Proof: 1. Fix an extremal function {f} such that {G=G(f)}. Exploit the fact that even components are bipartite. Fix {x_1 ,\ldots,x_n} representing the vertex sets {[x_1],\ldots,[x_n]} of the even components. For every {k}, there is a partition {[x_k]=[x_{k}]_{1} \cup [x_{k}]_{-1}} where a point {y} belongs to {[x_{k}]_{-1}} iff there exists a path of odd length from {x_k} to {y}. If {y\in[x_{k}]_{\sigma}}, {\sigma=\pm 1}, then {f(y)\in{\mathbb Z} +\sigma f(x_k)}. If {y} belongs to an odd component, then {f(y)\in{\mathbb Z}-f(y)} thus {f(y)\in\frac{1}{2}{\mathbb Z}}. Define {I:H(G)\rightarrow\ell_{\infty}^{n}} by

\displaystyle  \begin{array}{rcl}  I(g)=(g(x_1)-f(x_1),\ldots,g(x_n)-f(x_n)). \end{array}

Identity (1) implies that

\displaystyle  \begin{array}{rcl}  \|g-f\|_{\infty}=\|I(g)-I(f)\|_{\infty} \end{array}

so {I} is an isometry.

2. To describe {I(P(G))}, define constants

\displaystyle  \begin{array}{rcl}  C_{k,\sigma}=\sup\{\frac{d(x,y)-f(y)-f(y)}{2}\,;\,x,\,y\in[x_k]_{\sigma}\}. \end{array}

For {x}, {y\in [x_k]_{\sigma}}, {\{x,y\}\notin\mathcal{E}(f)} so {0>d(x,y)-f(y)-f(y)}. This number belongs to the discrete set {{\mathbb Z}-2\sigma f(x_k)}, so the {\sup} is negative as well. If {y} belongs to an odd cycle, set

\displaystyle  \begin{array}{rcl}  \tilde{C}_{k,\sigma}=\sup\{d(x,y)-f(y)-f(y)\,;\,x\in[x_k]_{\sigma},\,y\in\textrm{ odd cycle}\}. \end{array}

If there are no odd cycles whatsoever, put {\bar{C}_{k,\sigma}=C_{k,\sigma}}. Otherwise, set

\displaystyle  \begin{array}{rcl}  \bar{C}_{k,\sigma}=\max\{C_{k,\sigma},\tilde{C}_{k,\sigma}\}. \end{array}

If {n\geq 2}, then for {1\leq k,\ell\leq n} and {\sigma}, {\tau\in\pm 1},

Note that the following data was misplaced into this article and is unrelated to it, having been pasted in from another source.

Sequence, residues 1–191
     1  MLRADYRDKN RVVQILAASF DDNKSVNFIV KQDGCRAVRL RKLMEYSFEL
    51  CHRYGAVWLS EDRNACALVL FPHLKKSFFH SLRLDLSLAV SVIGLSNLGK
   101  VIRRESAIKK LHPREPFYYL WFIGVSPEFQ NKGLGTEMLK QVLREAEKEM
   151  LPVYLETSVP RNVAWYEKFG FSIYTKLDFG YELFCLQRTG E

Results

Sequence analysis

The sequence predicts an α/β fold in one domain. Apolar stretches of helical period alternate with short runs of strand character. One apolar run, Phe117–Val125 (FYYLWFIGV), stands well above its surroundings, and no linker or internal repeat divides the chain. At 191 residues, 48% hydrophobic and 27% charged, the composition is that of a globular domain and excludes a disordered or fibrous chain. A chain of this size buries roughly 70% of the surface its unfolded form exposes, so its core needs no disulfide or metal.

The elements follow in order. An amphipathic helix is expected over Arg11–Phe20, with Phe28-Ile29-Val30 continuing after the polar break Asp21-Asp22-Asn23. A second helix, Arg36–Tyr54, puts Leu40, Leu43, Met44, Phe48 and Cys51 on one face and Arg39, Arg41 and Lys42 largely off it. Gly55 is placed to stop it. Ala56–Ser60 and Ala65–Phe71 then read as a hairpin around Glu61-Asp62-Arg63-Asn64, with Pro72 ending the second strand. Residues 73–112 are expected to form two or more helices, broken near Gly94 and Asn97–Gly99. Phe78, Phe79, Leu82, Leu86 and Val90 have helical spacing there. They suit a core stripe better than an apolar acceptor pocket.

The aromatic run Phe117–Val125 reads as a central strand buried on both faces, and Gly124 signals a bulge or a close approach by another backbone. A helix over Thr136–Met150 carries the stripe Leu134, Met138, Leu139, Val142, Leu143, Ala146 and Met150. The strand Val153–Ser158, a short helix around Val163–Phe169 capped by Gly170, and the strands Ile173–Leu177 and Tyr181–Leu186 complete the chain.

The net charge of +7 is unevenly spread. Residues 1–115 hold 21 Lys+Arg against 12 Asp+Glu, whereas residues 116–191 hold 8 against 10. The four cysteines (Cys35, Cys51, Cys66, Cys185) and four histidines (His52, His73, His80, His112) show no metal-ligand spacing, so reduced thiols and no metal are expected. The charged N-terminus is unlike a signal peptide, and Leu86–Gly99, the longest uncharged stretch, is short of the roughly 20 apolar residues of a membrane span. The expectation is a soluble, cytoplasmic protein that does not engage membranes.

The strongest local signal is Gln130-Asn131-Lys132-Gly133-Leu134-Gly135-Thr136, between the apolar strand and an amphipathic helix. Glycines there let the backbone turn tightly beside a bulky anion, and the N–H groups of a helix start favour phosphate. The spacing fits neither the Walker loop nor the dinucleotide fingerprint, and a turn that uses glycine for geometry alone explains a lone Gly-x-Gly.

\displaystyle  \begin{array}{rcl}  C^{\ell,\tau}_{k,\sigma}=.... \end{array}

Claim: {I(P(G))} is the set of all {f\in\ell_{\infty}^{n}} such that

\displaystyle  \begin{array}{rcl}  \sigma f_k &\geq& \bar{C}_{k,\sigma}\\ \sigma f_k +\tau f_{\ell}&\geq& C^{\ell,\tau}_{k,\sigma}.\\ \end{array}

So the number of faces of our polytope is atmost {2n+\begin{pmatrix}n\\ 2\end{pmatrix}=2n^2} faces. I do not know if this upper bound is sometimes achieved.

Proof: of Claim.

\displaystyle  \begin{array}{rcl}  2\sigma f_k = \end{array}

so {\sigma f_k \geq C_{k,\sigma}} iff {g(x)+g(y)\geq d(x,y)} for all such pairs. And so on… \Box

Thats all for the proof of Proposition 4. \Box

Now suppose that {rk(G)} is finite for all admissible graphs. It follows that {\mathcal{P}=\{P(G)\}_{G\,\mathrm{admissible}}} is a polyhedral structure on {E'(X)}, with {P(G')} a face of {P(G)} iff {G\subset G'}.

If {f\in E'(X)} is a vertex of {\mathcal{P}}, then {rk(G(f))=0}, so {f(X)\in\frac{1}{2}{\mathbb Z}}. In particular, edges of {\mathcal{P}} have length in {\frac{1}{2}{\mathbb Z}}.

Proposition 5 Suppose in addition that {X} is discretely geodesic, i.e. there is an isometric embedding of an integer interval joining any two points. Then every edge of {\mathcal{P}} has length at most {2} and for every {n}, {\mathcal{P}} has only finitely many isometry types of {n}-cells.

 

Proof: Suppose {G} is an admissible graph of rank {1}. Let {x_1} be a representative of the only even cycle {[x_1]}. Since {X} is discretely geodesic, there exist {x}, {y\in X} with {d(x,y)=1} such that {x\in[x_1]_1} and either {y\in[x_1]_{-1}} or {y} does not belong to {[x_1]}. Let {g}, {h\in P(G)}. Then, by (1),

\displaystyle  \begin{array}{rcl}  \|g-h\|_{\infty}=|g(x)-h(x)|. \end{array}

If {y\in[x_1]_{-1}}, {2|g(x)-h(x)|=|g(x)-h(x)-g(y)+h(y)|\leq 2}. Else {y\notin[x_1]}, and it goes similarly. The bound {2} is optimal, as seen from the suspension of a three point set with no edges. \Box

 

1.3. Why do we need such detailed information ?

 

To deal with hyperbolic groups. The fact that only finitely many configurations occur for cones types guarantees that admissible graphs have finite rank, and so {E'(X)=E(X)}.

The cone type trick applies to {{\mathbb Z}^n} as well, and yields the upper bound {rk(G)\leq 2^{n-1}}. In fact, {E({\mathbb Z}^n)=E(\ell_{1}^{n})=\ell_{\infty}^{2^{n-1}}}.

More generally, the injective hull of a Banach space is again a Banach space, but in an unobvious way. In case of polyhedral norms, one stays within finite dimensional Banach spaces, but not in general. For instance, {E(\ell_{2}^{n})=L_{\infty}({\mathbb N})}.

 

About metric2011

metric2011 is a program of Centre Emile Borel, an activity of Institut Henri Poincaré, 11 rue Pierre et Marie Curie, 75005 Paris, France. See http://www.math.ens.fr/metric2011/